It’s your quintessential good-news/bad-news story. The good news? Emission-control legislation enacted in Canada and the U.S. over the last three decades has resulted in significant acid rain declines in this country. The bad? Despite those efforts, much of Atlantic Canada still gets more acid precipitation than local ecosystems can bear, according to Environment Canada. And a recent study published in the scientific journal Proceedings of the National Academy of Sciences claims the impact of acid rain is greatly amplified in shallower coastal waters.
Ocean acidification results from the mixing of seawater and chemical compounds, such as carbon dioxide, sulphur and nitrogen, which lowers the water’s pH level. Those same chemicals, released by burning fossil fuels, cause acid rain. In the ocean, those compounds are preventing some marine organisms, such as sea urchins, corals and certain planktons, from making hard outer shells. And as an essential food or habitat source for many other species, the loss of these marine organisms could affect entire ocean ecosystems.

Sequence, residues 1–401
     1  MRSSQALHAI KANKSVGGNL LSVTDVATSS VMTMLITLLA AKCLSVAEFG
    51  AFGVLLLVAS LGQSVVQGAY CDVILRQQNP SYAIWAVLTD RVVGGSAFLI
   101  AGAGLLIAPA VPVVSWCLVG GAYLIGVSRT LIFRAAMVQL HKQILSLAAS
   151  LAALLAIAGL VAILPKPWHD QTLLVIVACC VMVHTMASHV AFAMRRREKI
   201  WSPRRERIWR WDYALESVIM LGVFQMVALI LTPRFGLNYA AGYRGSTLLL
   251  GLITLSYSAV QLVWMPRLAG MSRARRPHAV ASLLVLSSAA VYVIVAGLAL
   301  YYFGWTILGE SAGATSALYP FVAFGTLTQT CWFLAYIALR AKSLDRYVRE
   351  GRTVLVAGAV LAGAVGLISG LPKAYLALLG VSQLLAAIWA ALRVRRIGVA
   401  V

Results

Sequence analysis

“That effect is most pronounced near the coasts, which are already some of the most heavily affected and vulnerable parts of the ocean due to pollution, over-fishing and climate change,” notes Scott Doney, the study’s lead author and a senior scientist in the Department of Marine Chemistry and Geochemistry at the Woods Hole Oceanography Institution.
This is, no doubt, hardly surprising news to Atlantic Canadians. Thanks to prevailing winds that carry pollution from industrial centres in the eastern U.S., southern Ontario and Quebec, the country’s easternmost provinces have long been concerned with acid precipitation—and its affects on local aquatic life.
Case in point: Atlantic salmon. Inner Bay of Fundy Atlantics have been listed as endangered by the Committee on Endangered Species in Canada (COSEWIC) since 2001, and late in 2009, all Canadian populations of Atlantic salmon were listed by COSEWIC as a “high priority candidate.” The culprit? You guessed it. Acid rain is considered the main cause of Canada’s once-mighty salmon population’s demise.
The good-news/bad-news story doesn’t end there, though. Under the national Acid Rain Strategy for Post-2000, Nova Scotia, New Brunswick, Ontario and Quebec have committed to additional sulphur dioxide reductions of 30 to 50 per cent. That’s the good news. The bad? According to the conclusions of the 2004 Canadian Acid Deposition Science Assessment Document, further sulphur dioxide reductions in both Canada and the U.S. are necessary to protect Eastern Canadian ecosystems from acid rain. For Atlantic salmon and other aquatic species, however, time may be running out. It’s up to us to help!